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Life Insurance in a Qualified Retirement Plan

While life insurance cannot be owned in a SEP or IRA, IRS regulations do allow the inclusion of life insurance policies in some profit sharing and defined benefit plans. These plans tend to be complex to administer and need to adhere to strict rules that require the life insurance protection provided be only “incidental” to the retirement benefits provided by the plan.


Key Takeaways

  • Having the opportunity to pay life insurance premiums with pre-tax dollars is appealing, but the costs and complexity of meeting all the requirements may outweigh the benefits.
  • An individual policy may be easier to manage and offer more flexibility in deciding what kind and how much coverage to own.
  • Qualified retirement plans that allow life insurance are defined contribution plans and defined benefit plans.
  • If the plan is terminated early or the participant retires, the remaining balance can be rolled over into an IRA.


Advantages and Disadvantages





Cash-Value Life Insurance



Plans That Allow Life Insurance

In a defined contribution plan, if a whole life policy is purchased, the premium must be less than 50% of the contributions made to the plan. If a universal life policy is used, the premium paid must be less than 25% of plan contributions. A special rule also applies to profit-sharing plans if seasoned money is used to pay the life insurance premium. Contributions that have accumulated in a participant’s account for a minimum of two years are considered seasoned (although plans can have longer seasoning periods). However, all contributions become seasoned once the participant’s account is at least five-years-old. If the plan allows only seasoned money to be used to pay the insurance premiums, then the percentage limits for defined contribution plans no longer apply. However, the limits do apply if a mix of non-seasoned and seasoned contributions are used.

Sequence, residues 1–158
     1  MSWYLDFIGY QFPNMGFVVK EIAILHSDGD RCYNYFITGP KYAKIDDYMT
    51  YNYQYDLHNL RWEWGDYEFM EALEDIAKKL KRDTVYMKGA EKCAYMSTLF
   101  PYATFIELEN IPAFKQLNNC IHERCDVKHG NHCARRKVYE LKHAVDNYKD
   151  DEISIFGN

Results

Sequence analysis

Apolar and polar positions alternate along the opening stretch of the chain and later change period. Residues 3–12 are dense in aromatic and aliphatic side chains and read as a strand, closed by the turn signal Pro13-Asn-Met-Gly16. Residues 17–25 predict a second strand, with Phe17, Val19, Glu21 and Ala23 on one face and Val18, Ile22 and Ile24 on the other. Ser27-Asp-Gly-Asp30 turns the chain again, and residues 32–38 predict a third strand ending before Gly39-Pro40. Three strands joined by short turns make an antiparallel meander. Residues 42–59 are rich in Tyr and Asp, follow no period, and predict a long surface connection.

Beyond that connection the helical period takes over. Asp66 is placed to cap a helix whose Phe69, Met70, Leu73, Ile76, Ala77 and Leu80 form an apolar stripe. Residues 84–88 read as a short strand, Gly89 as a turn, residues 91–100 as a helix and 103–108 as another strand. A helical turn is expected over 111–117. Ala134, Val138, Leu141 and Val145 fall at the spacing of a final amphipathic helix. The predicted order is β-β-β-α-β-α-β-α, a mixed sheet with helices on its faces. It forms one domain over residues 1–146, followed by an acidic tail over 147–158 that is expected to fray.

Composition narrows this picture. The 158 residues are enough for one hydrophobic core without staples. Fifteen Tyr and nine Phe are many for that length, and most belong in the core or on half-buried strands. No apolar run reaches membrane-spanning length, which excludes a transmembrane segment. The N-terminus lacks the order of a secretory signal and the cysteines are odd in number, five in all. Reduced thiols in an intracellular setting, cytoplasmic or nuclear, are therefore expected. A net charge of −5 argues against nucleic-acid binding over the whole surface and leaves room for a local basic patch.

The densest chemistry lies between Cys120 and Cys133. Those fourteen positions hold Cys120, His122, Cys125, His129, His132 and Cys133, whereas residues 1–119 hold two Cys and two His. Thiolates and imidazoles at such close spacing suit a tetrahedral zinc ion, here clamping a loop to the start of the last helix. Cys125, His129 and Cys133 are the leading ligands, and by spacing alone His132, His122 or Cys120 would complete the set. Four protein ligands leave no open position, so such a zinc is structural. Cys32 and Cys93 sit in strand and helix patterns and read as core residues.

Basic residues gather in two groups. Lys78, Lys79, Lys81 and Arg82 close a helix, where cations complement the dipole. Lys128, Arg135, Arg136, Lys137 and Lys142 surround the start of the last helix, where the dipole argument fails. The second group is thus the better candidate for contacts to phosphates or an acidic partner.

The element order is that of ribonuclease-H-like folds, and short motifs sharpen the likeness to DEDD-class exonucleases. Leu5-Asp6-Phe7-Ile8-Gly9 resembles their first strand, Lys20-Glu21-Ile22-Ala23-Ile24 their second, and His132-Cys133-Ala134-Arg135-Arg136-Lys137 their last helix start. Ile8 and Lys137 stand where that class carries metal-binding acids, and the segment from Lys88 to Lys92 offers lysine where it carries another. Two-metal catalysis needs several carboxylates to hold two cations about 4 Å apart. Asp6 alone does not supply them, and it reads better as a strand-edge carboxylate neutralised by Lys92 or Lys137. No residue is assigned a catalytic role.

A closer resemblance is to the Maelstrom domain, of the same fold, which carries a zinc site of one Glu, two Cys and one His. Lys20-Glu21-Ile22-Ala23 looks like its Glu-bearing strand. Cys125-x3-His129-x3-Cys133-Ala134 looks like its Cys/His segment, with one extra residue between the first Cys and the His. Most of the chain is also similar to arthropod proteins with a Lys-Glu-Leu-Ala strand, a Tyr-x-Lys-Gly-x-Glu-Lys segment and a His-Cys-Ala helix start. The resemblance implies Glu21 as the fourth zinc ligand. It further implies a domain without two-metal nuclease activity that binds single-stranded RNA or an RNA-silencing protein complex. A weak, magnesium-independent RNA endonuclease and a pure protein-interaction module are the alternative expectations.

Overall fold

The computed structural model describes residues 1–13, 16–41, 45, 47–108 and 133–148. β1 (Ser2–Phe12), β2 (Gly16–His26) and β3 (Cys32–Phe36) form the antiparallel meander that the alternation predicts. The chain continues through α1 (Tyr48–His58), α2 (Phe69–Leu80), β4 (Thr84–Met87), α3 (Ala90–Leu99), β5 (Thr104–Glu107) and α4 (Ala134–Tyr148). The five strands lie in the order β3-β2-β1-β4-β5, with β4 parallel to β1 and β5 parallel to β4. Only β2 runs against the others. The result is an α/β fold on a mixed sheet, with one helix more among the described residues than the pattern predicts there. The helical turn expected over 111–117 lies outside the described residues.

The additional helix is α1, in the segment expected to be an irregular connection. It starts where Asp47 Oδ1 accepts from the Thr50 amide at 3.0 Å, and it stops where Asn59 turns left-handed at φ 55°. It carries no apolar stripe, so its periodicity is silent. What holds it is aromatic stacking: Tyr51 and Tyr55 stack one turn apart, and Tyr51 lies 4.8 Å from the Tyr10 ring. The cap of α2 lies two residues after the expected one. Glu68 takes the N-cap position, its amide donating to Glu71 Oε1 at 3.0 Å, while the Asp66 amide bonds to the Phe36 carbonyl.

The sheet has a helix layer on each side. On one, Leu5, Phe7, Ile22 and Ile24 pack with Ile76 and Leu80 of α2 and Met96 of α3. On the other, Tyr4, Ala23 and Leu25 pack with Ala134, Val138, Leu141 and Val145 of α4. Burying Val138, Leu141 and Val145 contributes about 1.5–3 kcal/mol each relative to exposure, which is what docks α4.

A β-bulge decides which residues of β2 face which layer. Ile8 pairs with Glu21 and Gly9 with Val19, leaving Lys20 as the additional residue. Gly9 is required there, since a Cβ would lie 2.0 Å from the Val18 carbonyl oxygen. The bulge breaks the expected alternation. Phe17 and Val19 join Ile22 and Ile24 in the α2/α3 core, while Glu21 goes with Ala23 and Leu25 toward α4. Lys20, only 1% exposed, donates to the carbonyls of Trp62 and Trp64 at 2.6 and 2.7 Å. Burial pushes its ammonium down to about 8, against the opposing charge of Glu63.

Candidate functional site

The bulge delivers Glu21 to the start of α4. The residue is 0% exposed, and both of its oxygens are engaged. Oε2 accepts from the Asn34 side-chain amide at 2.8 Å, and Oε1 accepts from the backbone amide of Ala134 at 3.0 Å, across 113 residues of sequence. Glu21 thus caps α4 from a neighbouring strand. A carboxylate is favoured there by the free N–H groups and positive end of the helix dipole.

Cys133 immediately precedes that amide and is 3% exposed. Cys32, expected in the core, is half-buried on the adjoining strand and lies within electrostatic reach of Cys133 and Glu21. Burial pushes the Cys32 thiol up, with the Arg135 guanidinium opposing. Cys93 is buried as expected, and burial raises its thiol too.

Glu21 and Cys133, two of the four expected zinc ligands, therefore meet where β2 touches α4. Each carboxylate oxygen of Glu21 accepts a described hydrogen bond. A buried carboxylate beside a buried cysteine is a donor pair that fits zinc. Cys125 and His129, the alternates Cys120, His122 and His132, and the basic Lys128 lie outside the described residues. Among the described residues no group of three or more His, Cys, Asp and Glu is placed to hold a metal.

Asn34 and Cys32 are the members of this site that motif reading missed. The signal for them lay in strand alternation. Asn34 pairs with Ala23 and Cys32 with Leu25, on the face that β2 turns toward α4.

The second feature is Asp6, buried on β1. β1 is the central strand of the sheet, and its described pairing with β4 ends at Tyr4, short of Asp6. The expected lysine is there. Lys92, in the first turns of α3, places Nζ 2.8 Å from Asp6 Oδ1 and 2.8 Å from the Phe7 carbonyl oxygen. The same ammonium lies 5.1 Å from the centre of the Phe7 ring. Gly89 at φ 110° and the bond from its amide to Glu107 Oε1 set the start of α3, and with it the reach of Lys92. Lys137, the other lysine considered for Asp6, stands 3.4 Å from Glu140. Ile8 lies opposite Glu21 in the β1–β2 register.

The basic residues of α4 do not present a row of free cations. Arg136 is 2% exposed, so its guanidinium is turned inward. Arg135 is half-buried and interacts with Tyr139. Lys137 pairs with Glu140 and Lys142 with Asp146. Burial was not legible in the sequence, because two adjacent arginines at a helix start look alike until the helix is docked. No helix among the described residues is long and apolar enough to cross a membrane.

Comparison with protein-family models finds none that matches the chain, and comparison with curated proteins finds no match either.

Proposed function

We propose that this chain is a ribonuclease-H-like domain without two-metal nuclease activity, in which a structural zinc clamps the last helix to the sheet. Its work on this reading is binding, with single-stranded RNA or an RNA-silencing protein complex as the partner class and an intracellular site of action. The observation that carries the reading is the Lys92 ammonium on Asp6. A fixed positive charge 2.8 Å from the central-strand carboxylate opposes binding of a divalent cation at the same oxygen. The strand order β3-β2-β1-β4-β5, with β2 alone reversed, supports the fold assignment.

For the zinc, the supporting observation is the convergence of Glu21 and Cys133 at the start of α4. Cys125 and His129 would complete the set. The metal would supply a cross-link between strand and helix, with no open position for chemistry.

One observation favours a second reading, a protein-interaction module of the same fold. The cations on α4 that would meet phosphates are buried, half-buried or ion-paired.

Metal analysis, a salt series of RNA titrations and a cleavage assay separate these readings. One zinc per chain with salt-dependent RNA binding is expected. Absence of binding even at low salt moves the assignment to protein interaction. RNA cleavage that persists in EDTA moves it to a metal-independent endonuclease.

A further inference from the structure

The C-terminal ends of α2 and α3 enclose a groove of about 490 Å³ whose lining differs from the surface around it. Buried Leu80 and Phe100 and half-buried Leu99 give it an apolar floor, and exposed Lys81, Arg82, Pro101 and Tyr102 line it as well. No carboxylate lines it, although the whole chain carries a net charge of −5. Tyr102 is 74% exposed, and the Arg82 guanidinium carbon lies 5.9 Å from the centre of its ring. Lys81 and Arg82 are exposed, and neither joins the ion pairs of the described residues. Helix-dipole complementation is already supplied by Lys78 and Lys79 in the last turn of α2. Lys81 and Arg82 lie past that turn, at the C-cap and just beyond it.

Defined benefit plans have a different requirement in which the life insurance must be incidental, and the death benefit can be no greater than one hundred times that participant’s expected monthly retirement benefit. Although, in Section 412(i) plans, which are defined benefit plans that often use an annuity or life insurance to fund the retirement benefit, the amount of qualified money that can be used to pay life insurance premiums may be higher than for other defined benefit plans.



Tax Issues



If you retire or the plan is terminated, the policy can be bought and transferred to an irrevocable life insurance trust, transferred to the insured, surrendered, with the remaining cash value left in the plan, or sold to the insured or a grantor trust established by the insured.


Exit Strategies


The policy could be purchased by and transferred to an irrevocable life insurance trust. If properly structured the death benefit will remain income and estate tax-free.


Transfer ownership of the policy to the insured. The policy cash value would have to be recognized as taxable income in the year of the distribution and if the insured were under age 59-1/2 penalties may apply.


Surrender the policy and the cash value would remain in the qualified plan. However, this means the insured in giving up the life insurance coverage.


The policy can be sold to the insured or a grantor trust established by the insured. As long as the policy is sold for fair market value there is no immediate income tax liability. This allows the insured to maintain the coverage. Once the policy is out of the qualified plan the insured can make any changes they desire to the coverage to meet their retirement and estate planning needs. There are, however, special rules that dictate what members of a family who own more than 50% of a business can do when buying a life insurance policy from the pension plan.


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About Amy Harvey

Amy R. Harvey writes forStartUps Sections In AmericaRichest.

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